from Arts & Entertainment Correspondent Joyce Kulhawik
I have just seen the first OSCAR WORTHY performance by an actress this year—or any year: Cate Blanchett in BLUE JASMINE—Woody’s latest and absolutely one of his best films, ever. It’s become a cliche that writer/director Woody Allen’s work had hit the doldrums critically for a bit, and lately, everything he’s doing has been cited as “one of his best in years.” BLUE JASMINE is better than that. It is an almost perfect amalgam of the themes that continually recur in his work—wealthy/intellectual/artsy New Yorkers and their romantic entanglements, crimes, misdemeanors, and neurotic focus on mortality, success, and the meaning of it all.
BLUE JASMINE finds us observing a wealthy socialite’s unraveling, when she loses everything and moves in with her estranged, adopted sister (an endearing Sally Hawkins) who’s living a low-life by Jasmine’s standards in San Francisco. Jasmine has certainly moved to the opposite coast—her fortunes, her identity, her landscape—it’s all foreign territory. She is left to try to make sense of her past life and build a new one. She’s a woman whose identity heretofore was linked only to her husband’s status and money; her origins are vague (she too is adopted), and her name is made up. She literally doesn’t know who she is.
The film moves seamlessly back and forth in time as Jasmine lurches around trying to make a meaningful life. Every scene is interlaced with equal parts humor and pain. Blanchett brings an almost otherworldly confluence of vanity and vulnerability to this lost, elegant woman, until the final shattering scenes where we see through her, window-like, to the soul and psyche of a woman so fragile we can practically hear her cracking.
DO NOT MISS THIS.
With great supporting work from Alec Baldwin, Bobby Cannavale, Louis C.K., and Andrew Dice Clay (Yes. That Andrew Dice Clay.) ELYSIUM—I can barely remember it … and I remember ALL of Matt Damon’s films. Just love the guy—but wish he would stop putting his social agenda ahead of his taste in scripts. The last time this happened, “fracking” was involved, and that thinly disguised educational exercise of a film died a quick death. This time, we have a futuristic sci-fi action adventure that pits the “haves” against the “have nots” lead by Damon’s social conscience re: the ever-widening gap between the 99% and the 1 tenth of 1% super-rich. ELYSIUM is loaded with; repetitive action, no notable special effects, no suspense, no humor, no romance, no urgency, and one bad/wacky performance by Jodie Foster who demonstrates no talent for accents.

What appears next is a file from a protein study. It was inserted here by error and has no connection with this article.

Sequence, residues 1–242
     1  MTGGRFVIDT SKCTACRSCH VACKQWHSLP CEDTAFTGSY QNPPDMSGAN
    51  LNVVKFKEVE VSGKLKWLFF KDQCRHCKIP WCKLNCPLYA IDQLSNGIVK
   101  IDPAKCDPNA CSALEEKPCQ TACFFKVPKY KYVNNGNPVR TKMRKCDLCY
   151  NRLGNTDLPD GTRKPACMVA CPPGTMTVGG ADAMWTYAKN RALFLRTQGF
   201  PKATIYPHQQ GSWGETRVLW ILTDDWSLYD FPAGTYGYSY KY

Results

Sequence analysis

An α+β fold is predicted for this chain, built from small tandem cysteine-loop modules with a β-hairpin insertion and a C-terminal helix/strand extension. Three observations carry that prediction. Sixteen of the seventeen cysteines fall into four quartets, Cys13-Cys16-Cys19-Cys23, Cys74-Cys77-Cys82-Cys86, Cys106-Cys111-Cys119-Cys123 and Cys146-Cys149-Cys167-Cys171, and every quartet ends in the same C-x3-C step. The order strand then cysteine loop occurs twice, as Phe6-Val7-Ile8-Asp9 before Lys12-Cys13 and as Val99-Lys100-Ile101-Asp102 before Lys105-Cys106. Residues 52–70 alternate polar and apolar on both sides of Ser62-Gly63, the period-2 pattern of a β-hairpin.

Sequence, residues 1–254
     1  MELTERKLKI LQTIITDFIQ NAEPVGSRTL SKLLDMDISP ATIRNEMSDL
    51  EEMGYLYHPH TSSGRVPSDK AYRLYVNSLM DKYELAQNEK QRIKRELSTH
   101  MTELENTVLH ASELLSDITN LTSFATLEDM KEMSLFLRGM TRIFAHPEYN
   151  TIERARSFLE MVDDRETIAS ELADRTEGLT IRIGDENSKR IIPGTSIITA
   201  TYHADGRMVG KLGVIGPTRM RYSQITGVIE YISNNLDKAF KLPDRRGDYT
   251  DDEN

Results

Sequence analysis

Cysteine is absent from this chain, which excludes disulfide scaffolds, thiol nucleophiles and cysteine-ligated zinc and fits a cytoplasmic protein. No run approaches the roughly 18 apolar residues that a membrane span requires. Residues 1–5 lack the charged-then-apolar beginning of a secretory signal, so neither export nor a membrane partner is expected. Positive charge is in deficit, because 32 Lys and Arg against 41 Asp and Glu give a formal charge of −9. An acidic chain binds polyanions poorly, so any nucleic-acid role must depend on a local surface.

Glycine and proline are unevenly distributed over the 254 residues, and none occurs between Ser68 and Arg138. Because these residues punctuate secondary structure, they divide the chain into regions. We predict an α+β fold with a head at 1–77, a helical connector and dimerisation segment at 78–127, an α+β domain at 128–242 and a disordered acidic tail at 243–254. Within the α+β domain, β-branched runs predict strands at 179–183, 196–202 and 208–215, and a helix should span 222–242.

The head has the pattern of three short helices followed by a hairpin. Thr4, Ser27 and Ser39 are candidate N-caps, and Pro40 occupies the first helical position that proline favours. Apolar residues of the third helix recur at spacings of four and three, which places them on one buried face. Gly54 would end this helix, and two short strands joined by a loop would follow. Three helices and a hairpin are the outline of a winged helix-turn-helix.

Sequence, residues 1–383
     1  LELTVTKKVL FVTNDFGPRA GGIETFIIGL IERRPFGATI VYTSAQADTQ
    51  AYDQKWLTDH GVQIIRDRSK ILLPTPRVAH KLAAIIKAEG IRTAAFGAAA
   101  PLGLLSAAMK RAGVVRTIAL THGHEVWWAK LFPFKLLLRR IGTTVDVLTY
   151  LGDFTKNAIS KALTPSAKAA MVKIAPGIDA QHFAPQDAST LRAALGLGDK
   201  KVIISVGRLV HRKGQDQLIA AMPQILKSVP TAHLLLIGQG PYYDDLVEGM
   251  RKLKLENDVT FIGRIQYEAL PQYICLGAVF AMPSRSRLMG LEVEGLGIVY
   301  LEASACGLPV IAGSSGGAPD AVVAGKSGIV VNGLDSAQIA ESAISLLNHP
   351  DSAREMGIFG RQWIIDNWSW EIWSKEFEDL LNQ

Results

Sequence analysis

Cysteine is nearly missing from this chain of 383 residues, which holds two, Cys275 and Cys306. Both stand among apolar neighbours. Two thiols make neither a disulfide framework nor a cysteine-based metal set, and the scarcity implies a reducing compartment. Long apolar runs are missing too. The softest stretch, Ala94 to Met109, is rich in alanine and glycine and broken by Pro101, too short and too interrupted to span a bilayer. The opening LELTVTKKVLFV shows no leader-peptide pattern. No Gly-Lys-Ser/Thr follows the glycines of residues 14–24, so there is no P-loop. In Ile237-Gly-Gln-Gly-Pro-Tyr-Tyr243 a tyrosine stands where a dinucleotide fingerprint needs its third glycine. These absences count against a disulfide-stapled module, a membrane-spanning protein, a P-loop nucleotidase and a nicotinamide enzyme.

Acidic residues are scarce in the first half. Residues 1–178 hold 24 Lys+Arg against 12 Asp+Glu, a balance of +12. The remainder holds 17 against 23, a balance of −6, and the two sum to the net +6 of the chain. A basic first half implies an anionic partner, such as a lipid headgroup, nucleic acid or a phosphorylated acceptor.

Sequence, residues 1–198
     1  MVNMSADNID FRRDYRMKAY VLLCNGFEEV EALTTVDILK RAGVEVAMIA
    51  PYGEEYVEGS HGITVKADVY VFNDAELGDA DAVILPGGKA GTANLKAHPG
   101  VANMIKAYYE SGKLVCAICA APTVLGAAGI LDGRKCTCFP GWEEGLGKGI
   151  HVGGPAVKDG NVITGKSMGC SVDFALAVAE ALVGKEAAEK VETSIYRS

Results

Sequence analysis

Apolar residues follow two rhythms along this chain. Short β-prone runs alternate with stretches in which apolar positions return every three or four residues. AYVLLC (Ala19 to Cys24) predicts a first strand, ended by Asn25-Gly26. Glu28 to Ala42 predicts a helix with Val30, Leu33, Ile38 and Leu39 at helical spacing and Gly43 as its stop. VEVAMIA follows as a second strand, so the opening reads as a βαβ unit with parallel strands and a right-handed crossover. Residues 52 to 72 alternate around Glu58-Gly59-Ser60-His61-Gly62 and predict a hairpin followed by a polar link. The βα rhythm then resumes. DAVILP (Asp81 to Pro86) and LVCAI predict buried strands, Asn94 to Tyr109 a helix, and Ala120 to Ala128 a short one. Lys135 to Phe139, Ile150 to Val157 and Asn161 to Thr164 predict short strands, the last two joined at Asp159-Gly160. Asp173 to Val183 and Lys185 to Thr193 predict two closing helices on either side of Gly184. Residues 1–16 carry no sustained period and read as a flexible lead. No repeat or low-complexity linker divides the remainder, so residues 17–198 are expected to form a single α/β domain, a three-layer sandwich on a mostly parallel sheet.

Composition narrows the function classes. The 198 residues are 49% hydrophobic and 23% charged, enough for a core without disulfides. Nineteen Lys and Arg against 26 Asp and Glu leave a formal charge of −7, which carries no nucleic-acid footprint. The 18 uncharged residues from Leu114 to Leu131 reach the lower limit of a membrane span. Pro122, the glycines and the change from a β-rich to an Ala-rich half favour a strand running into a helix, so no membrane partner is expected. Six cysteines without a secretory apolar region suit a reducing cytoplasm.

–ELYSIUM is paradise—if you snooze through it … and you might.
Another Boston boy fares better this summer. Mark Wahlberg teams up with Denzel Washington as they try to out-spar each other in this non-stop, shoot’em up adventure (based on the BOOM! Studios graphic novels) involving drug cartels, naval intelligence, the DEA, CIA, local police, at least one helicopter, and stampeding cattle. 2 GUNS is overlong, over plotted, and occasionally brutal (chickens get their brains blown out, bad guys lose their heads) but Wahlberg and Washington rivet our attention from first frame to last. Neither knows the other’s true identity until half way through the film, but in the meantime, they engage in some of the funniest whip crack repartee, double crosses, slapfasts, car chases, and diner dishing since pulp fiction.
–An inspired pairing – these 2 Guns are loaded for a sequel.
WE’RE THE MILLERS
WE’RE THE MILLERS is a ridiculous movie—not even remotely believable, so I gave up and just laughed my head off. It’s actually a sweet idea—the vacation movie turned inside out. Instead of a typical all-American family on an outing that turns crazy and tears them apart, here we have a completely dysfunctional set of misfits, outcasts, nerds, and one stripper who fake being family and set out in a camper to smuggle drugs across the border—and BECOME a family. The bad guys they encounter are one step ahead of the three stooges, and Jennifer Aniston’s climactic “FLASHDANCE” strip tease is obviously the reason she took the part; yeah, she’s really worked out—but I have no idea why she’s still working or why we still care. And there is one “wish I hadn’t seen that” shot of a young man’s swollen privates. BUT Jason Sudeikis is a charmer, the situations (crossing the border, camp side nocturnal hi-jinks) are unexpectedly surprising, and the ending plays to everyone’s best self.
–Occasionally, I am easily amused … this one was definitely a guilty pleasure.
The Wolverine has never held any allure for me as a character—Hugh Jackman aside (whom I prefer singing and dancing on Broadway or hosting the Tony Awards). I have always found him emotionally impenetrable. I know he killed the woman he loved, but it just didn’t get to me. Here, the Wolverine heads to Japan and confronts powerful women who are as narrow and sharp as his own claws. He also meets a surprising enemy who forces him to face the torment of his own immortality. But the filmmakers are clearly more interested in the action sequences—a rip-roaring bullet train chase, and a climactic dalliance with something big and mechanical.
Happy movie watching,